A blog on the use of technology at home and at work (and some other stuff)

Archive for April, 2008

Mobiles on the tube

I blogged yesterday about how useful it would be to be able to read RSS feeds when out of coverage on the London Underground. I’m hoping that a Google Gears-enabled version of Google Reader Mobile is not far away.

That reminded me of the stories that have been in the press for some time about mobile phone reception being introduced into the London Underground tunnel network. On the one hand, the tube is a haven of tranquility away from the endless interruptions that a mobile phone brings. On the other, there would be a huge upside to being able to use time on the Underground productively – maybe reading news on a mobile browser or answering emails – or being able to get in touch with people above ground when the network grinds to a halt.

So, I fired up Google to see what is happening, and whether or when we might ever have mobile phone reception underground.

BBC News first reported on this topic in November 1999, with the somewhat premature claim that “In a worrying move for many commuters, mobile phones could soon be ringing on the London Underground”, but it was OK because we would be able to vote on whether we wanted it or not.

It all goes quiet for five years, and then, in March 2004, the Register and BBC News report that London Underground is in talks with the four mobile operators.

In March 2005, London Underground publishes a notice in the Supplement of the Official Journal of the European Union (which is where all large government tenders must be published) which states that the organisation is “primarily interested in the possibility of extending mobile coverage to Underground stations, station concourses, passenger walkways, platforms and other ‘off-train’ areas that do not currently have coverage (approx 120 stations), however LUL may, in the future, also consider extending coverage to other areas, such as trains and train tunnels”. They also leave themselves open to offers including high speed data services and technologies such as WiFi, WiMAX, DAB and DVB.

At the same time, Ken Livingstone announces that we’d all be able to use our mobile phones and digital radios on Underground stations by 2008, with a trial at one station due in 2006. I can’t find any further reference to an in-station trial, so it’s not clear if it ever happend.

In May 2005, a TfL press release states that interest in the notice was strong: “over 60 organisations have formally expressed interest in providing mobile phone and new technology services on Tube stations from mid-2008”.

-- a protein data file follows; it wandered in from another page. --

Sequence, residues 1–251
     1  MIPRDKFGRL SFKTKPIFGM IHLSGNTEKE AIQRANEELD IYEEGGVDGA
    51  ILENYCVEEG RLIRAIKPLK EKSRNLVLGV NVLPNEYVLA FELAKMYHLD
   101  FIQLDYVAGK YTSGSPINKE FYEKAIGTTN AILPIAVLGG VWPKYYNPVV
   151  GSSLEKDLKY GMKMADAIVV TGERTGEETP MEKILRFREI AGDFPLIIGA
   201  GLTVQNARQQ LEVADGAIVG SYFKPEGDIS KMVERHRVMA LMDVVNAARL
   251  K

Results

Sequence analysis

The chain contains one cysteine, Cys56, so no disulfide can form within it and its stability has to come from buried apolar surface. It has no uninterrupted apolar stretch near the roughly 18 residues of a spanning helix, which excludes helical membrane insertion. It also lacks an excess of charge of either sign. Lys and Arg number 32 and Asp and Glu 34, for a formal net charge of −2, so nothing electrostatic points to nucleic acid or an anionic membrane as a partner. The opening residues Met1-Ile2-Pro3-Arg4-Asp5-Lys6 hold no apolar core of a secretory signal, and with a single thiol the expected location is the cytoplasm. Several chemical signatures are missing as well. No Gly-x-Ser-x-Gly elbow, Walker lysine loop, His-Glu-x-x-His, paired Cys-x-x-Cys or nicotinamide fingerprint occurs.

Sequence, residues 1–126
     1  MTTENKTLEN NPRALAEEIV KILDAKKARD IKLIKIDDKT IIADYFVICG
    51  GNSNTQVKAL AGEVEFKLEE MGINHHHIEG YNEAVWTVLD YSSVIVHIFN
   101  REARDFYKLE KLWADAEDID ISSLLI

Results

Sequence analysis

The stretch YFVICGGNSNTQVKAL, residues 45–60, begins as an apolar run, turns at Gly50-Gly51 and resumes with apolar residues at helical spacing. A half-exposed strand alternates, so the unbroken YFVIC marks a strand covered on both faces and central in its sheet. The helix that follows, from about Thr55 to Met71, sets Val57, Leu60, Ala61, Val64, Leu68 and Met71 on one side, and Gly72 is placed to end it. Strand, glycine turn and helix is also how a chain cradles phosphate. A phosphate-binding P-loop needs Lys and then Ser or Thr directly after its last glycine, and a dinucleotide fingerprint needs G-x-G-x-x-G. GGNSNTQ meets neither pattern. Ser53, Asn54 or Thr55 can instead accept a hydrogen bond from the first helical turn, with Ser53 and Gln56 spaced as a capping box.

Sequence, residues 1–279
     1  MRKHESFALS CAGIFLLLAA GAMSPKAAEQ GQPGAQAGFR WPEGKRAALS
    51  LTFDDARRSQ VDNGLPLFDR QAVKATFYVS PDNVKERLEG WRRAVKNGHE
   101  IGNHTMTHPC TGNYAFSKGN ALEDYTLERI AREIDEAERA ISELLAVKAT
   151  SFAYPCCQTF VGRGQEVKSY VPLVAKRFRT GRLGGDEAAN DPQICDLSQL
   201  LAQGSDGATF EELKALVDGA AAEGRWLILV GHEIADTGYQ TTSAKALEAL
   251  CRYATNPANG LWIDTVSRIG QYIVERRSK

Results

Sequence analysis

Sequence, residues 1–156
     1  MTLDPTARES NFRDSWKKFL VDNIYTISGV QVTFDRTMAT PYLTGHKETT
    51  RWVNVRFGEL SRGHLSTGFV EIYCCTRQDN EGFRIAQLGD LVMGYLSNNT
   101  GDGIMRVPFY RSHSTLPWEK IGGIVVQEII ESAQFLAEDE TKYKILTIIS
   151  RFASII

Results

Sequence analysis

In April 2006, the BBC reports that London Underground is pressing ahead with plans to have mobile phone transmitters in the tube. This is against concerns that they might increase the risk of terrorism (phones sometimes being used to detenate bombs).

In March 2007, a TfL press release announces a trial to take place on the Waterloo and City Line in 2008 and the BBC is reporting that mobile phone coverage would not be extended across the Tube network until at least mid-2009.

Since then, nothing. I wonder if that trial on the Waterloo & City is on its way?

Photo: Nuakin on Flickr. Used under licence.

Reading underground

Nick Piggott blogged last week about low consumer take-up levels of interactivity. He cited examples of “press the red button” opportunities during ad breaks on satellite television and URL calls-to-action in radio adverts.

When people are either enjoying what they were already doing or busy with something else (such as driving the car), then even if they are interested in the product or feature being promoted, they just can’t act on it then.

Nick’s argument is that there needs to be a way to bookmark or tag the opportunity so that you can return to it later.

I travel a lot, and I like my travelling time to be as productive as possible. My laptop is always with me and I answer emails, write reports, and watch downloaded TV programmes whenever I have a few moments spare on a train, plane or boat (I live on the Isle of Wight).

My current commute involves a lot of time on crowded tube trains. A tube train isn’t a great place for a laptop, particularly if it’s standing room only, so the web browser on my mobile phone (an O2 XDA) comes in useful then. I particularly like to keep up-to-date with my RSS subscriptions using Google Reader Mobile.

Sometimes there are posts which include embedded video, a link to a mobile-unfriendly website, or which simply provoke the thought “I must read up on that a bit more”. I tag those stories with ‘Add Star’ in Google Reader so that I can return to them later when I’m back in front of a larger screen.

What we all need, and what Nick is advocating, is ‘Add Star’ for everything else in life.